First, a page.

A dog’s bark might not communicate specific information, but research indicates that barks can reflect the emotional state of the dog. A study on hunting dogs found that a dog’s bark can vary depending upon what they see in the field. For example, say the researchers, the most distinctive barks were produced during encounters with the most dangerous animals, such as the wild boar. It pays to listen to your dog’s barking.
Dog Barks Vary
Sometimes barks can be emitted singly, but often are repeated in chains that are noticed by humans. Some dog breeds do less of what is classically thought of a bark and have other sounds in their vocal repertoire, such as the Beagle’s bay, the Husky’s howl, and the Pug’s alien scream.
It’s true that some breeds of dogs that are known to bark more, including Shetland Sheepdogs, Australian Shepherds, Pomeranians, Yorkshire Terriers, and Dachshunds. If you are interested in a quieter breed, consider the Basenji, Chow Chow, or Greyhound.
Types of Dog Barks
Barks can vary in pitch and the duration of the vocal outburst in different situations. Contexts for dog barking include:
- Fear – Strangers, loud noises
- Alert – Someone’s at the door, the dog in the yard next door is outside, the stray cat just walked across the yard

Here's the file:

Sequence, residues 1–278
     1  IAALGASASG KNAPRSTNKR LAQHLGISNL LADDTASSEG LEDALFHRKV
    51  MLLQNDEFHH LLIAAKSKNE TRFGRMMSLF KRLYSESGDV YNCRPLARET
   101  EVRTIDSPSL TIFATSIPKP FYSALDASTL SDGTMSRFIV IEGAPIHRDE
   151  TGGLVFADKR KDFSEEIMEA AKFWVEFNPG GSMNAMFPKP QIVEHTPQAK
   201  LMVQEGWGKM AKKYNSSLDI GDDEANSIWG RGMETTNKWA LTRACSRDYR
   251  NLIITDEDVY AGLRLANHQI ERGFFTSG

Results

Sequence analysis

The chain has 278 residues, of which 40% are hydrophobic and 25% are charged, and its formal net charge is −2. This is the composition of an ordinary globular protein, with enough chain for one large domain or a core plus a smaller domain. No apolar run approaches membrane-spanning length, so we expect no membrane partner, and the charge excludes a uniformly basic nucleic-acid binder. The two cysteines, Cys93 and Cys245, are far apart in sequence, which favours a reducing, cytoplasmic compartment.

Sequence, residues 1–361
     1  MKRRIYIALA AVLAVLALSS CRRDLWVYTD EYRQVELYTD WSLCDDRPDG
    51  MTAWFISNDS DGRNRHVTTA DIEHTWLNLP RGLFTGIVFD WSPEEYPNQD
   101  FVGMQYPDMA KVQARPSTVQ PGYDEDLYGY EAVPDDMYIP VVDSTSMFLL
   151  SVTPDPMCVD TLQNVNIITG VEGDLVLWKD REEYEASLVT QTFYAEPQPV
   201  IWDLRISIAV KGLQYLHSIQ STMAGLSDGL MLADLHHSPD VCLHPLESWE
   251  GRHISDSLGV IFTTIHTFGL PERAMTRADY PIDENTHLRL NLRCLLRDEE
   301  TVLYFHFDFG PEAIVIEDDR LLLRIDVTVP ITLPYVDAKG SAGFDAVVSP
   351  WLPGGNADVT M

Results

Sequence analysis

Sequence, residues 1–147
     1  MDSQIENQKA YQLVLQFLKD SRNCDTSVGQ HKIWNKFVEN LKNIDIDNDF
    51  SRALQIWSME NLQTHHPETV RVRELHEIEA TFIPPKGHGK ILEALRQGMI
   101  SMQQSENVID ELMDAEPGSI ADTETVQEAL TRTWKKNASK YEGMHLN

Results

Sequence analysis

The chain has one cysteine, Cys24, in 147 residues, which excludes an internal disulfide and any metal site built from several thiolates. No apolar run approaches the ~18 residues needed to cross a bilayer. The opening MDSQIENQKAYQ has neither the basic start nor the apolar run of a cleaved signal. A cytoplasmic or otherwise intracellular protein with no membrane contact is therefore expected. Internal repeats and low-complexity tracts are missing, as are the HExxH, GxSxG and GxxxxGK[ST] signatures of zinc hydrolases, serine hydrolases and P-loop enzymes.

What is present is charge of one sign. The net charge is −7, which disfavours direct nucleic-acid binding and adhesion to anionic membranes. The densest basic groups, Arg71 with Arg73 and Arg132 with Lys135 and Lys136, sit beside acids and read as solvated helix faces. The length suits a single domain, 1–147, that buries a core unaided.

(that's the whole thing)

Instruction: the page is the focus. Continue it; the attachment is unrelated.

- Anxiety – At home alone, not enough attention, not enough exercise
- Work – Dogs trained in protection are taught to bark in specific circumstances (police dogs, guard dogs), some herding dogs bark when moving or protecting livestock
- Excitement – Play, anticipation (food, freedom)
Do Dogs Bark for Attention?
If you own a dog who barks excessively, consider whether the dog’s needs for attention, exercise, and environmental enrichment are being met. Chances are good that they are not. Work with a certified fear/force-free trainer to develop a behavior modification program that will reduce your dog’s reactivity in specific situations, such as guests at the front door.